The Laker Girls include Kadi Burt, Brittany Griffins, Stephanie Huber, Jennifer King and Jill Heinecke, who is also Dance Captain. The Male ensemble includes Larry Hagerman, Tony Onorati, David Phillips and Mason Lahd Wilkerson. These dancers change their steps as easily as they change their costumes.
Dylan Twiner, who does lights, plays the part of Techie ASM; Laker Girl Huber and Kira Zinck are a Techie Support duo – all three have supernumerary roles, which they do with aplomb.
Kyle Sinclair is Historian, among other things. Sinclair tells the audience where they are – 932 A.D. and Now (Close to Tea Time) and explains how Arthur is doing with his quest. He does a very nice job in this role, however, when he starts to sing, he is exceptionally good.
Gretchen Boyt, The Lady of the Lake makes a beautiful sight on stage. Boyt is quite attractive with regal carriage and a very good actor; her singing voice is as beautiful as she.
Arthur’s knights also play various additional roles.
Brandon Ehrenheim is Sir Bedevere as well as the prince who wished to be a princess and a couple of other parts – he does each very nicely.
Timothy McFarlan plays Sir Robin. McFarlan is also the collector of bodies of plague victims where he sings “I’m Not Dead Yet” with most of the rest of the cast – one of the first and funniest moments in the show.
Gary J. Chambers is Sir Dennis Galahad; he joins in on ‘Not Dead.” Chambers has a good singing voice and great comedy timing.
Xander Layden is Sir Lancelot. Layden does a very good job in this role but when he plays a French warrior guarding the castle, Layden is amazing. His awful accent and his cartoon-like rat movements are enchanting.
Steve Tarry is a fantastic King Arthur. He is regal, he is brave, he is valiant and he has a sword with a name. Tarry plays Arthur as a naïve, slightly dazed individual who knows he is good and right so no wrong can possibly come to him.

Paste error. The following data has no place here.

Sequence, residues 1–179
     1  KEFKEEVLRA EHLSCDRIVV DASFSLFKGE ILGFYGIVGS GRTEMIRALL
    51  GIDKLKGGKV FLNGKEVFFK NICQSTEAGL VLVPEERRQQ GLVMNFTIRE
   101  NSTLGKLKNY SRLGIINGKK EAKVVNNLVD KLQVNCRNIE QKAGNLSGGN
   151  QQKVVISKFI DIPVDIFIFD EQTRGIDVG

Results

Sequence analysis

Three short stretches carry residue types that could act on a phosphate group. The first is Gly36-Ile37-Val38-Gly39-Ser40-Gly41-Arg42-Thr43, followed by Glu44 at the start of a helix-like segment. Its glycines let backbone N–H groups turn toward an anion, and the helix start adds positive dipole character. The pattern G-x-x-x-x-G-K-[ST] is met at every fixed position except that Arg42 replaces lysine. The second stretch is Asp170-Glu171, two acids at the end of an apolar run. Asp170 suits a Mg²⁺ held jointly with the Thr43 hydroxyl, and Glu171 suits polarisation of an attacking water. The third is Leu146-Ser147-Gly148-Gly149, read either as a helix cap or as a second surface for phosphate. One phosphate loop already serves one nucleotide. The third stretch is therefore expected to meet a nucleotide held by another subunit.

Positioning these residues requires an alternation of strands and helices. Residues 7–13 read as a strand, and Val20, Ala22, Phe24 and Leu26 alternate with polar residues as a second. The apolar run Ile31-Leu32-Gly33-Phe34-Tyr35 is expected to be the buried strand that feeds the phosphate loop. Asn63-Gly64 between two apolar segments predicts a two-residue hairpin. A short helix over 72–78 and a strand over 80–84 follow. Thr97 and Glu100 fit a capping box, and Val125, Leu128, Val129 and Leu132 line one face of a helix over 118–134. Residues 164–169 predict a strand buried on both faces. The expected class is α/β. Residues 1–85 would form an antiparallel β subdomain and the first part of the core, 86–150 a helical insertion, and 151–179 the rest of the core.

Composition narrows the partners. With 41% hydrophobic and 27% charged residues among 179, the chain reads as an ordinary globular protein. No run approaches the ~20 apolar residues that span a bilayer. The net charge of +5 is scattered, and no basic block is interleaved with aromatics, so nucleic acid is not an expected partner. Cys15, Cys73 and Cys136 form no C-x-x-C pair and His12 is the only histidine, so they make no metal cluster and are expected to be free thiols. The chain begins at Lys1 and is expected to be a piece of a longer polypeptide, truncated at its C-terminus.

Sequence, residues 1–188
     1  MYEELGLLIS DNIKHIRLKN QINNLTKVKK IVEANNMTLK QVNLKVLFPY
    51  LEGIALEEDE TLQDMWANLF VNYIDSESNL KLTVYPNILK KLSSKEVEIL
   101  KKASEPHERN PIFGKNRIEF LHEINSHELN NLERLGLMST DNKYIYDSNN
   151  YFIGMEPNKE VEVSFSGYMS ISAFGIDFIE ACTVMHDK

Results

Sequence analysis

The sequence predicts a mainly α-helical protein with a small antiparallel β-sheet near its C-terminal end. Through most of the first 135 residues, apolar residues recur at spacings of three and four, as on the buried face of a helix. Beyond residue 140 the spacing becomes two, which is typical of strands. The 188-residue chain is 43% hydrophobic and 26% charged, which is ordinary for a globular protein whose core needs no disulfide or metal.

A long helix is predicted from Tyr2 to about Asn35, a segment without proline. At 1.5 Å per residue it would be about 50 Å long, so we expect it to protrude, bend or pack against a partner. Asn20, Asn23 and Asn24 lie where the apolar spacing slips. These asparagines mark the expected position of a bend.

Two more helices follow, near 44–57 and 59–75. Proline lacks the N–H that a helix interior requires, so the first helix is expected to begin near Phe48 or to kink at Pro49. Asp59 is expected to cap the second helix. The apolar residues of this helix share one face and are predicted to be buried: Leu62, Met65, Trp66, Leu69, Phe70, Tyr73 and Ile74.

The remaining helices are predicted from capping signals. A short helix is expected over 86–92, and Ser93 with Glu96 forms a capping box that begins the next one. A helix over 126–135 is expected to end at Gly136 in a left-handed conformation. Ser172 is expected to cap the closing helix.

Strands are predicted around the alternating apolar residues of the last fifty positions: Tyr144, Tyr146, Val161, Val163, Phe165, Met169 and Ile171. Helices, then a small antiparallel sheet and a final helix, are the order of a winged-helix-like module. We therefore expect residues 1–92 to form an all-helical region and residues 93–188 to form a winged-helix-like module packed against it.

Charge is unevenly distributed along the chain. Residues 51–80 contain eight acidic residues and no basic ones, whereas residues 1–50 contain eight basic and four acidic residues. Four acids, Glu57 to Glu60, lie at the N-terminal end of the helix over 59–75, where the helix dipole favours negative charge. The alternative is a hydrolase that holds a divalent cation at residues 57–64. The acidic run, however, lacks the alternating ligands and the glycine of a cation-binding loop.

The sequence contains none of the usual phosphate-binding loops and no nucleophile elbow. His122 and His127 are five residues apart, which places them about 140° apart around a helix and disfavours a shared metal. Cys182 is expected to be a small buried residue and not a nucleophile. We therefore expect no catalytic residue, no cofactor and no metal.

Coleman Hagerman is Patsy, Arthur’s charming boob of an aide who simply runs away with the show. Hagerman (the younger) is a well accomplished actor who is meant for comedy. He diligently follows his liege around, both off-horseback, making clip-clop sounds with coconut shells for the sound of the non-existent horses’ hooves. His blank-face, mouth agape stare is brilliant. Hagerman has even perfected the British pumpkin accent which makes the role even more believable when he responses to Arthur’s “I’m All Alone.”
“Monty Python’s Spamalot” continuesat The Lakewood Playhouse in the northeast section of the Lakewood Towne Center, next to the Pierce Transit Depot, through July 13, Friday and Saturday evenings at 8 p.m. with Sunday matinees at 2 p.m. There is a special 2 pm. Matinee for July 4, a Pay-What-You-Can night scheduled for 8 p.m. Thursday, July 19 and an Actor’s Benefit performance at the same time Thursday, July 26.
For reservations or more information, call the box office at (253) 588-0042 or go online to www.lakewoodplayhouse.org.
“Spamalot” is a very funny show. According to Munn, many performances are nearly sold out. Better make your reservations quickly so you won’t be left out of the travels of King Arthur as he searches for the Holy Grail. “Always Look on the Bright side of Life;” it just takes a phone call to realize your quest of an excellent evening of musical theatre.